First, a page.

Archive for March, 2020

FRIDAY FOTO (March 27, 2020)

Not What You Think.

AWO2 Cooke Conducts Flight Operations

(U.S. Navy photo by Petty Officer 2nd Class Juan Sua)

Look closely at this photo. It may appear to be a command center on some military base, in a control tower or the bowels of an underground facility, but you’re actually looking inside an airplane — a big airplane.

The P-8A Poseidon is a multi-mission maritime aircraft. It’s design is based on a Boeing 737-800 ERX airliner, which was built to carry more than 100 passengers. The P-8A’s primary missions are persistent Anti-Submarine Warfare and Anti-Surface Warfare, meaning they can stay aloft for extended periods of time to watch for submarines or  surface ships.

The P-8A has a crew of nine, two pilots and seven specialists. The rest of the space on the big plane is taken up by sensors, radar and other surveillance and intelligence technology, and extra fuel tanks. They also carry torpedoes and missiles, as well as sonobuoys — buoys equipped with expendable sonar — to track seaborne vessels.

The photo above shows Navy Petty Officer 2nd Class Meghan Cooke and other sailors conducting flight operations aboard a P-8A Poseidon aircraft during an intelligence, surveillance and reconnaissance (ISR) mission over the Eastern Mediterranean Sea on  March 20, 2020.

While the P-8A is a high flying surveillance aircraft, that doesn’t mean things never get  hairy for the crew. Peer competitors like China and Russia don’t like them flying over their ships or near their borders. In 2014, a Chinese Shenyang J-11 fighter jet came within 30 feet of a P-8A over the South China Sea. In November 2016 a Russian Su-30 fighter intercepted a P-8 over the Black Sea, coming within five feet of the U.S. plane, forcing the P-8 through it’s jet wash and causing violent turbulence.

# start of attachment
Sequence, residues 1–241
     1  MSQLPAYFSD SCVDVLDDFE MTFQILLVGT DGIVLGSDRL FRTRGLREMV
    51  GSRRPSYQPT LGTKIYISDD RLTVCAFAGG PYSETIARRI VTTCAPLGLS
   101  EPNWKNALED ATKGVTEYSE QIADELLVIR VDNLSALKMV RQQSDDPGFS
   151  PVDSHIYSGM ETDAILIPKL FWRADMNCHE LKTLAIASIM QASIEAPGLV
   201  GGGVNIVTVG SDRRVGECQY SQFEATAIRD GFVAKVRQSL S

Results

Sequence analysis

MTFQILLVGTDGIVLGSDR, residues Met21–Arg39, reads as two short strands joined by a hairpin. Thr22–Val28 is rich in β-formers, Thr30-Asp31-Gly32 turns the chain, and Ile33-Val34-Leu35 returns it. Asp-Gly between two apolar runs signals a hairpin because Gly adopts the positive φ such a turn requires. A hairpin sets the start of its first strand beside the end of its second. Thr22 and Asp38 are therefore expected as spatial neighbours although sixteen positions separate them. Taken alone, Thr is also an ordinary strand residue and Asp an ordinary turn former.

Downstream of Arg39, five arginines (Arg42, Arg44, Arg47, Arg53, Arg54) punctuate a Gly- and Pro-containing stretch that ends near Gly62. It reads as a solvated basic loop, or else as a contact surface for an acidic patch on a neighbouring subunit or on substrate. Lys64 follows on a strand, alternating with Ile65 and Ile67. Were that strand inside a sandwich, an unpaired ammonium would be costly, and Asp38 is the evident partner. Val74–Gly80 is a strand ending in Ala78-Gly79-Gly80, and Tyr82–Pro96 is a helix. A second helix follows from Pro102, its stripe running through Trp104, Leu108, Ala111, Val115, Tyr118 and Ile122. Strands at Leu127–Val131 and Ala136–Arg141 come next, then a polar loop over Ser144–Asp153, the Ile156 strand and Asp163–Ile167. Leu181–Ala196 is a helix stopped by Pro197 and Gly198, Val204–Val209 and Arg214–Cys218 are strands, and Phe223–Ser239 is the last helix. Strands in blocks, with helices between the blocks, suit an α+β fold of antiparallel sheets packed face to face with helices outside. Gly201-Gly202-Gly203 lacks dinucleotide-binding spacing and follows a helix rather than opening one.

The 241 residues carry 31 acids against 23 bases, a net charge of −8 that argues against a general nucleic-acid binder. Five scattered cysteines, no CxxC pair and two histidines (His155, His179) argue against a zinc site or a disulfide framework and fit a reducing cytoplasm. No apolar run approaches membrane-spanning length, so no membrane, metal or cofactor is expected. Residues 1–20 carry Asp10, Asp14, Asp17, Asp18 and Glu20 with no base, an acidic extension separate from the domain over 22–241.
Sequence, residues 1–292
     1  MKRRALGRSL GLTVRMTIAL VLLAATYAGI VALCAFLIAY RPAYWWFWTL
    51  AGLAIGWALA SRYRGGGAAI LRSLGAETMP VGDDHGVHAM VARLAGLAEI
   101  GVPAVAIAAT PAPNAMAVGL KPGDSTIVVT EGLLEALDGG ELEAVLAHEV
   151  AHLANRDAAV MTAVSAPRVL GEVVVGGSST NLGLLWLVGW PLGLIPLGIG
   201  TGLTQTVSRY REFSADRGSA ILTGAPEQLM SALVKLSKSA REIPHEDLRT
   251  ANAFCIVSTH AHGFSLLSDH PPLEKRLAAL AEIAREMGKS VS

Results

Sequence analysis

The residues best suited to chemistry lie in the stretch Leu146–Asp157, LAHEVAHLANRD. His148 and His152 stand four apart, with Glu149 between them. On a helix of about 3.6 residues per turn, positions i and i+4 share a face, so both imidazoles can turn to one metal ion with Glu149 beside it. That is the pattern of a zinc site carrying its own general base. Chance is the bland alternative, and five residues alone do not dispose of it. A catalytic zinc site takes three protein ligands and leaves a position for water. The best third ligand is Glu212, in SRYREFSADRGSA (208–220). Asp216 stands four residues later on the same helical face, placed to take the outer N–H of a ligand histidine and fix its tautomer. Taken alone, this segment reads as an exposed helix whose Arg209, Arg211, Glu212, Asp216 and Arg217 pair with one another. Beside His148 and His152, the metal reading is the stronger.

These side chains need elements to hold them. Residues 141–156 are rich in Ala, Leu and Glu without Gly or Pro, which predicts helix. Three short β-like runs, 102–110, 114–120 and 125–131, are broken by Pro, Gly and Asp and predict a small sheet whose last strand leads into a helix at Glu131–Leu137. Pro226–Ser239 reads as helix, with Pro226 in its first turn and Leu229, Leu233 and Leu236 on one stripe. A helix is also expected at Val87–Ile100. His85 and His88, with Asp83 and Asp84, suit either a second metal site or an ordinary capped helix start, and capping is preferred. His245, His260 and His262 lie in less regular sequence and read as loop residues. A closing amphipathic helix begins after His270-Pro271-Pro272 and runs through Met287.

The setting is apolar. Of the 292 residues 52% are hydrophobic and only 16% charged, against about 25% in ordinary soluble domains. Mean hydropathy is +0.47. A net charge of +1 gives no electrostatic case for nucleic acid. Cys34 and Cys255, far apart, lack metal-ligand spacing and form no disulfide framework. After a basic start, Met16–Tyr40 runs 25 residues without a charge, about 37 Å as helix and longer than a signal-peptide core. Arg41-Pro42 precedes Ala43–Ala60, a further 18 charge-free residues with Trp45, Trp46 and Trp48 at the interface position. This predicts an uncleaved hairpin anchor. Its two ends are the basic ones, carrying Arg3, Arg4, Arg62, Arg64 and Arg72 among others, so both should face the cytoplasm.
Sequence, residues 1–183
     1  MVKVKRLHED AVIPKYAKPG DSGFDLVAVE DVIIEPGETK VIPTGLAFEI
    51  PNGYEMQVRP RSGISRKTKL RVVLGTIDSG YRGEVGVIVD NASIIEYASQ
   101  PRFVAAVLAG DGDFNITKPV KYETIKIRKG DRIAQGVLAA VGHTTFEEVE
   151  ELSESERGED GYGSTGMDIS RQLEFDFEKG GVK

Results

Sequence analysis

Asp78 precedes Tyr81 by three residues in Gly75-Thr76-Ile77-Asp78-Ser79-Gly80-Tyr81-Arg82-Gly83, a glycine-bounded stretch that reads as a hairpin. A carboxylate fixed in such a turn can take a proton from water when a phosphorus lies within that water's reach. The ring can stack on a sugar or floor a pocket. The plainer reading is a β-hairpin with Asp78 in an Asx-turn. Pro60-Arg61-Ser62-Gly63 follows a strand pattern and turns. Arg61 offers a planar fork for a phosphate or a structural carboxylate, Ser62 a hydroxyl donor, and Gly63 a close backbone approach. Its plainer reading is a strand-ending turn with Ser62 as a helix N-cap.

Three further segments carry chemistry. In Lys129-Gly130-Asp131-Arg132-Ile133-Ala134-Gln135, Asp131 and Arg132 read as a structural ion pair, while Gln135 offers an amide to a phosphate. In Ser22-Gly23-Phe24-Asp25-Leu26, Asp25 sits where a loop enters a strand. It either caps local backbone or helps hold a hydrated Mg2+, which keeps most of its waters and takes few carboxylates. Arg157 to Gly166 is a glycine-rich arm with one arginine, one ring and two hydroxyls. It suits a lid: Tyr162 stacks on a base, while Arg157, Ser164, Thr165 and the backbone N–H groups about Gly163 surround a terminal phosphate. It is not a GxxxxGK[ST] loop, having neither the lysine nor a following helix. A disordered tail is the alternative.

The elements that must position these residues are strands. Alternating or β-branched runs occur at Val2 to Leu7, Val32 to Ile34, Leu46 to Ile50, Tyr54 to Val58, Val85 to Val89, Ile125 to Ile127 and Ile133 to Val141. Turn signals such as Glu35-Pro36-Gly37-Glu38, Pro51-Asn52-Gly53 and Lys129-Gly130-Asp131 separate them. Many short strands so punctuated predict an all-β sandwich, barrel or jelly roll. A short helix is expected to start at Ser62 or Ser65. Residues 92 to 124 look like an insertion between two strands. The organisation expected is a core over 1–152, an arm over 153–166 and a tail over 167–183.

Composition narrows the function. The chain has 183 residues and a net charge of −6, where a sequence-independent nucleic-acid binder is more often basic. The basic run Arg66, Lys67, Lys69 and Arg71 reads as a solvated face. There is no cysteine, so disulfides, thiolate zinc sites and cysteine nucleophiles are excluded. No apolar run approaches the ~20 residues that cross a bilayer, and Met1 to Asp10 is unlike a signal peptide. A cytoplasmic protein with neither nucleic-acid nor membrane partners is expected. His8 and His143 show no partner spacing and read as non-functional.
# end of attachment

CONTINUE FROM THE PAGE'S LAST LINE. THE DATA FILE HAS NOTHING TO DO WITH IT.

This past February, the U.S. Navy accused a Chinese destroyer of firing a laser at a P-8A flying over the Philippine Sea west of Guam, an act the United States called unsafe and a violation of international agreements. The Chinese government disputed the claim.

To see a short video of activities aboard a P-8A, click here.





March 27, 2020 at 1:20 pm Leave a comment

FRIDAY FOTO (March 3, 2020)

No, Not Batman.

Bomber Task Force Europe 20-2

(U.S. Air Force photo by Master Sergeant Matthew Plew)

A pair of Air Force Northrop Grumman B-2A Spirit bombers conduct aerial operations over the North Sea on March 12, 2020, revealing their unique silhouette. Next to our beloved A-10 Thunderbolt II (Warthog) tank buster jet, we find the B-2’s shape the second most fascinating military aircraft in the Air Force fleet.

Assigned to the 509th Bomb Wing and the Missouri Air National Guard 131st Bomb Wing, these boomerang-shaped aircraft were conducting aerial operations in support of Bomber Task Force Europe 20-2. The bombers, deployed from their home at Whiteman Air Force Base in Missouri to Europe in early March, according to Air Force magazine.

The photo below gives a side-view of the low observable, stealth bomber accompanied by Air Force F-15C Eagles from the 48th Fighter Wing two days later over Keflavik, Iceland. The B-2s also flew with Dutch and Norwegian F-35 Joint Strike Fighters during the exercise.

Bomber Task Force Europe over Iceland

(U.S. Air Force photo Master Sgt. Matthew Plew)

March 20, 2020 at 9:20 pm Leave a comment

ARCTIC NATION: Norway Exercise; Corona Virus; ICEX 2020; Arctic Readiness

Cold Response 2020